Future Passengers Worry, Discuss ScenariosPassengers with future bookings on both vessels are worried; Empress and Majesty of the Seas can currently be booked for sailings through April 2022."I am booked on Empress for April 2021 for the Western Caribbean," writes Agavegirl1. "I have had no communication from Royal. I have a refundable deposit and drink package for two invested. Suggestions?"Others suggested that Royal Caribbean could have secured more favorable long-term layup arrangements in the Mediterranean -- though the proximity to the shipbreakers in Turkey still doesn't sit well with many readers."Maybe the layup is planned for several months and they are getting a better deal on resupply in this area," writes Biker19."And they are much closer to Turkey in case they "spontaneously" will decide to scrap the ships," writes LAX350.
Empress of the Seas: At Anchor off GreeceThe furor around Empress of the Seas started in late-July, when reports surfaced on maritime industry site Tradewinds that Empress was for sale.In August, a
"The Empress and the Majesty knew their fate when they were used to transport crew members to Europe," writes ipeeinthepool. "Why would you use these older ships unless you knew that they weren't returning to North America? This may be encouraging news for fans of the Grandeur [of the Seas], perhaps she will be used to replace the Empress or the Majesty."Others took umbrage with what they perceived to be a lack of transparency on the part of Royal Caribbean in terms of future fleet planning."If Empress does undergo a cold, long-term lay-up, it could take months to reverse," writes livingonthebeach. "RCI is currently selling cruises on her for November 14, 2020 out of Miami. How transparent is that, if true?"When one poster asked why the contradiction still exists between reports of the ship's sale and Royal Caribbean's statements to media denying this, other members responded that the financial considerations couldn't be overlooked."A sold ship = cancelled cruises," writes Extra Kim. "Cancelled cruises = refunds."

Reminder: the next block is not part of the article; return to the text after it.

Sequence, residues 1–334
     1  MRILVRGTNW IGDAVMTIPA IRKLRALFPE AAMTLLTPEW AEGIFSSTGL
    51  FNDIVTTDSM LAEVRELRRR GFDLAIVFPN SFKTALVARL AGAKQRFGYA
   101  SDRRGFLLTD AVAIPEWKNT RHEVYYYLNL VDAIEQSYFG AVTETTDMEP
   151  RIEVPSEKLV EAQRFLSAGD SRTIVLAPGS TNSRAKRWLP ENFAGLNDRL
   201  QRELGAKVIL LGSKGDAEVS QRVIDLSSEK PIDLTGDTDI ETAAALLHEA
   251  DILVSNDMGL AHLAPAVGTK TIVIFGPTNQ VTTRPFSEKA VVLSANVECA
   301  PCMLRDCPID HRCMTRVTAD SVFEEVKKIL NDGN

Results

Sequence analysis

Majesty of the Seas Now Under MicroscopeSpeculation spread to the second-oldest ship in the Royal Caribbean fleet this week, after Majesty of the Seas started heading south.
Majesty left its temporary home on the coast of England, where it has been porting in Southampton and Portsmouth for several months after initially sailing to Europe to repatriate crew. It is now en-route to Valletta, Malta.The Maltese port of Valletta has in the past served as a staging ground for ships offloading equipment and stores before proceeding to the shipbreakers in Turkey."Majesty is still part of our fleet and we look forward to our healthy return to service," a Royal Caribbean spokesperson told Cruise Critic via email. Majesty of the Seas is the last of the Sovereign Class ships built for Royal Caribbean that included the former Sovereign of the Seas (1988) and Monarch of the Seas (1991). The latter two vessels, which operated as Pullmantur's Sovereign and Monarch, were beached in Aliaga, Turkey last month and are in the process of being rapidly dismantled.